In June 2018, Indivisible Colusa volunteer Linda Masuhara traveled through the South with her husband Kevin on a “civil rights road trip”—an itinerary they created to deepen their understanding of Black Americans’ struggle for equal rights. In our July 6, 2020 newsletter, we published a condensed version of our interview with Linda about their trip. This is the complete interview.
What inspired you to take this journey?
After watching the movie Selma in 2015 I decided to research that event more because I felt like I really didn’t know very much about it. I had heard the term “Bloody Sunday” and knew about the fight for voting rights in the south but only vaguely.
As I researched the events in Selma in 1965 I was shocked to learn about so many more civil rights incidents that I had never even heard about, such as the lynching of Emmett Till. I had NEVER heard of Emmett Till until 2015!
That made me realize that there was so much of our nation’s history that I needed to learn more about. That eventually led me to learning about the Equal Justice Initiative and their work. Then by 2018 the EJI was getting ready to open The National Memorial For Peace And Justice (aka The Lynching Memorial) and I was determined to visit that memorial. So the plans for a trip began to form. I made a list of places in the south I wanted to visit:
Are there some places you found especially moving or insightful?
There were 3 places that were the most moving for me.
The first was walking through the Lynching Memorial and seeing the steel structures with the names of all of the victims of lynchings engraved on them. They are suspended above you, and as you walk through, the floor slopes slightly causing the steel markers to be hanging higher and higher above your head. You don’t really notice that this is happening until you get to the end and they are hanging way above your head as if dangling from a tree. At this point you walk through a hallway with hundreds of plaques describing some of the victims' stories. Being lynched for things like reprimanding a white child who threw a rock at them, or helping black people register to vote, or talking to a white woman.
I literally felt physically ill after leaving this memorial.
The second very emotional place was The Lorraine Motel. It is now a Civil Rights Museum that walks you through the history of Black Americans from slavery until the day Dr. King was assassinated. As you get to the end you are looking at the actual room he stayed in the night before. You are reading the plaques describing the last moments of his life - who he was talking to and what he said. And then it says for you to turn around, and when you do you realize that you are standing on the balcony just a few feet away from the spot where his life ended.
This was very emotional for me. I think because it is one of my earliest memories of the Civil Rights Movement. I remember seeing that famous picture in the newspaper.
There was also a museum across the street which is where the gunman shot him from. We did not go into that museum. It was just too emotional for me at that point. And I wasn’t interested in seeing the gunman’s vantage point.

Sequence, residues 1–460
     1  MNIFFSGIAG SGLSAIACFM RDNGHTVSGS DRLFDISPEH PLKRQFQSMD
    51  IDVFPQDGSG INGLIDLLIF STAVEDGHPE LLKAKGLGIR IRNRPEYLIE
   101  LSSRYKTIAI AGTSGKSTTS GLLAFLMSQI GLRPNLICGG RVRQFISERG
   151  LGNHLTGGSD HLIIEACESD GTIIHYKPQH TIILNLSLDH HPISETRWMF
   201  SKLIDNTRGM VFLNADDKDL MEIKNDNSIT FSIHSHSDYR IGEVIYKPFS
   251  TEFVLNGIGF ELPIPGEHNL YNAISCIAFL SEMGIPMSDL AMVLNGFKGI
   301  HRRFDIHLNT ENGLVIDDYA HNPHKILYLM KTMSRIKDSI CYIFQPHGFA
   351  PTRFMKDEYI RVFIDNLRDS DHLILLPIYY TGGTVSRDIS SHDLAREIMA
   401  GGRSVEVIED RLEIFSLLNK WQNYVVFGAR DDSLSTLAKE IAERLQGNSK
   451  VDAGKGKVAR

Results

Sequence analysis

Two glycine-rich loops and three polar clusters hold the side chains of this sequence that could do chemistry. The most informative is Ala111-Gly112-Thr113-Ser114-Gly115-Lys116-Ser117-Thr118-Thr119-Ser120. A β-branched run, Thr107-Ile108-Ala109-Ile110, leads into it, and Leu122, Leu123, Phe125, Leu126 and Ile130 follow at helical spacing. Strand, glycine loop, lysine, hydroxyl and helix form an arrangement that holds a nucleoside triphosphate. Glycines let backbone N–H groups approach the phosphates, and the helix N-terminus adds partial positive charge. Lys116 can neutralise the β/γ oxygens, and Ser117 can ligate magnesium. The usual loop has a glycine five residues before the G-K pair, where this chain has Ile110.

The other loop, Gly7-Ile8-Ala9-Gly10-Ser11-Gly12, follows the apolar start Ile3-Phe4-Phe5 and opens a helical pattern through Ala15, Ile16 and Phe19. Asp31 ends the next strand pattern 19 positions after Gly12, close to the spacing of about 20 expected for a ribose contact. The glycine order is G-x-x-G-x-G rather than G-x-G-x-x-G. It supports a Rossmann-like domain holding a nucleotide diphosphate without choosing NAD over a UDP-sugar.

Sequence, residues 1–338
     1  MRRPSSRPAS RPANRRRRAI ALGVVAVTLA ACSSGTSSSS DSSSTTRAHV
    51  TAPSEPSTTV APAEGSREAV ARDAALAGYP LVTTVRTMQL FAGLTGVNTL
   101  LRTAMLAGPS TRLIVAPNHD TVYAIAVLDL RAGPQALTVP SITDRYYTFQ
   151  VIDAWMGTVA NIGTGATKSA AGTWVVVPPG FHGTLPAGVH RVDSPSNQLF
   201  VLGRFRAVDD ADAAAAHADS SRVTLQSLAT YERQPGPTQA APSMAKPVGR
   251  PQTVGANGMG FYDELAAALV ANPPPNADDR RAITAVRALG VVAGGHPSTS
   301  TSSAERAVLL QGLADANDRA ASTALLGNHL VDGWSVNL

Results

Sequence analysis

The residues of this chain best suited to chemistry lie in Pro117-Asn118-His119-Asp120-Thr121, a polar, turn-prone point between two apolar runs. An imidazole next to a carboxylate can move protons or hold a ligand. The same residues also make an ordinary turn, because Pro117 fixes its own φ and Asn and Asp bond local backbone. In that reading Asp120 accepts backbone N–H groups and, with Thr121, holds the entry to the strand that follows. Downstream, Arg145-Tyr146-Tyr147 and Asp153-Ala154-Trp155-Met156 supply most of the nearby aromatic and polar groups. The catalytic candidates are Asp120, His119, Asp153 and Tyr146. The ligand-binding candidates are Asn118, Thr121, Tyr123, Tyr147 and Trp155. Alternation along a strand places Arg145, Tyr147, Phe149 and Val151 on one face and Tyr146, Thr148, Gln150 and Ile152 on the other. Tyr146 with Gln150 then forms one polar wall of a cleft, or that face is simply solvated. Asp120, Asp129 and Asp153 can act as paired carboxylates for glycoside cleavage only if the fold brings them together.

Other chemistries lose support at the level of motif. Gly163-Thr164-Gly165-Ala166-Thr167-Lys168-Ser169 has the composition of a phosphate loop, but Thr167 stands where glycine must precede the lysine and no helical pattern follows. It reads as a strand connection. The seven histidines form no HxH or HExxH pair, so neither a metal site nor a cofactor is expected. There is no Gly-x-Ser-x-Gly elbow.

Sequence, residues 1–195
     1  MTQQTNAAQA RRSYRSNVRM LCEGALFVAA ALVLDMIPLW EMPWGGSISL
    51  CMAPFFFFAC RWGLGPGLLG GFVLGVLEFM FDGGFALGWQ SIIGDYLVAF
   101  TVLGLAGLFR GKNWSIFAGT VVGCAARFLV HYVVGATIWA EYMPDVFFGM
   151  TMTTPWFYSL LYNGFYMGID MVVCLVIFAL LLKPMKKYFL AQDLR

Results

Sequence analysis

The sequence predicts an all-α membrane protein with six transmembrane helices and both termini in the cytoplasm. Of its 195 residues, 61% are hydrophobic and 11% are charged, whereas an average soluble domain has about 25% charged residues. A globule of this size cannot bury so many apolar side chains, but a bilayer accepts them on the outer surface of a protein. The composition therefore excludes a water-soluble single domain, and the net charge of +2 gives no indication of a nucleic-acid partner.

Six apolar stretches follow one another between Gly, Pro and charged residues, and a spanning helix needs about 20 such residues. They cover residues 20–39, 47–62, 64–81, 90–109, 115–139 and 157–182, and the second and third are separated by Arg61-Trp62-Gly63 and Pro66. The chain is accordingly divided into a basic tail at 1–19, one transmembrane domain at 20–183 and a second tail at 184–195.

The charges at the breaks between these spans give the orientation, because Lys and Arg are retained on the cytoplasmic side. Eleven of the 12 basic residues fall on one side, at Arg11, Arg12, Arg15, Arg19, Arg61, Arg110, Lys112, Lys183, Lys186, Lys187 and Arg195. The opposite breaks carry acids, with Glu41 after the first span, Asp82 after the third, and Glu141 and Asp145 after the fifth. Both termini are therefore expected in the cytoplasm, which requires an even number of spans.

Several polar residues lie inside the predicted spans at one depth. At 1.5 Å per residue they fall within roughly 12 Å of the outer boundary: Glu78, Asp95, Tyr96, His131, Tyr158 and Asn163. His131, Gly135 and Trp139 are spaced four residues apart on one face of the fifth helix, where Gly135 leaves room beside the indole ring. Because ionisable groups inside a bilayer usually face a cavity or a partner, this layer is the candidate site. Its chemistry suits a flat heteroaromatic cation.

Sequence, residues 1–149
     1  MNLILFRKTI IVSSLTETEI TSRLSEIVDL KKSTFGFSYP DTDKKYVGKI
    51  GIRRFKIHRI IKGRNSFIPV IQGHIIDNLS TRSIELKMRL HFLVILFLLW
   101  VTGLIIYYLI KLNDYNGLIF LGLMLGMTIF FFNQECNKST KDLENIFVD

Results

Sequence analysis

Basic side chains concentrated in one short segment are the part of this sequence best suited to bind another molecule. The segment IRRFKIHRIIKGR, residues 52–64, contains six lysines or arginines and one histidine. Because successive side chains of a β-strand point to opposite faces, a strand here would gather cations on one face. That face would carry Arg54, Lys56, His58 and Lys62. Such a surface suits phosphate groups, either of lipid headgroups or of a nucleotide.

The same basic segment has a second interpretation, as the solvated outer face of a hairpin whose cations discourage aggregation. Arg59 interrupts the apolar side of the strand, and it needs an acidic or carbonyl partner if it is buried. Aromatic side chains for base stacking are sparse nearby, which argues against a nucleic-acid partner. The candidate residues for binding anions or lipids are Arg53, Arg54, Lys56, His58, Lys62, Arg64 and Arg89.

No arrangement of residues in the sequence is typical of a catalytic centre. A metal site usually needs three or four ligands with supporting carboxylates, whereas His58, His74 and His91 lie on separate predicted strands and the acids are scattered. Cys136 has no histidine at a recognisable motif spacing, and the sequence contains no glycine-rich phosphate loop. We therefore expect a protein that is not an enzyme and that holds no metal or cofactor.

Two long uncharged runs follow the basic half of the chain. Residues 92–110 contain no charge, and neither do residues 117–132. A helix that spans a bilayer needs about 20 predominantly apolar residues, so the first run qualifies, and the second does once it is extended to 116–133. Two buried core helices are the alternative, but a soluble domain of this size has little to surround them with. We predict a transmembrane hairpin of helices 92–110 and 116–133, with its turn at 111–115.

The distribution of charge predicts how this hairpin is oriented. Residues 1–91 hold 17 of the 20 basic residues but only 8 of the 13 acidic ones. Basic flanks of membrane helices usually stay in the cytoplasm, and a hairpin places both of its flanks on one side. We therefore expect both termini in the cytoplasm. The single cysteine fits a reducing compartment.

The third emotional site for me was the River Site on the Tallahatchie River in Mississippi where Emmett Till’s body was found. This spot was the last place we went to on the Emmett Till trail and I was so overwhelmed with grief that I couldn’t get out of the car. So I stayed in the car while my husband got out and took the pictures.
Do you feel changed after the trip?
I do. But not in a good way. The two main take-aways for me after this trip are
Did you have any experiences that make you feel hopeful for progress?
For the 2 years since this trip I felt very hopeless. I felt that our country has failed in so many ways to be a great nation.
Now, after the horrific death of George Floyd and seeing the Black Lives Matter movement go mainstream I am more hopeful that just maybe we will begin as a nation to start the journey to become a great America. In my opinion, you can’t “Make America Great Again” if it never was. But you can begin the work of “Making America Great” by acknowledging our roots in white supremacy and making real changes in regards to systemic racism. I have some hope.
One last thing
I created a Facebook group as a way to share my vacation photos with some of my friends and family. It included about 40 people. After we got back from the trip I felt like the group on Facebook could still be a way to educate people about these and other historical events in America so I made the group public and would periodically share articles about Civil Rights in it. I didn’t get very much interaction from any of my friends and family in the group, but I did have an occasional stranger somehow find it on Facebook and request to join it. And then George Floyd happened. Suddenly the group went from 40 to about 150! And most of them are people I don’t even know. I think this is just one small way I am becoming part of the solution rather than staying comfortable in my White Privilege which is definitely part of the problem.
Learn more: Join the Civil Rights Road Trip Facebook group
National Memorial for Peace and Justice in Montgomery, Ala., also known as the Lynching Memorial.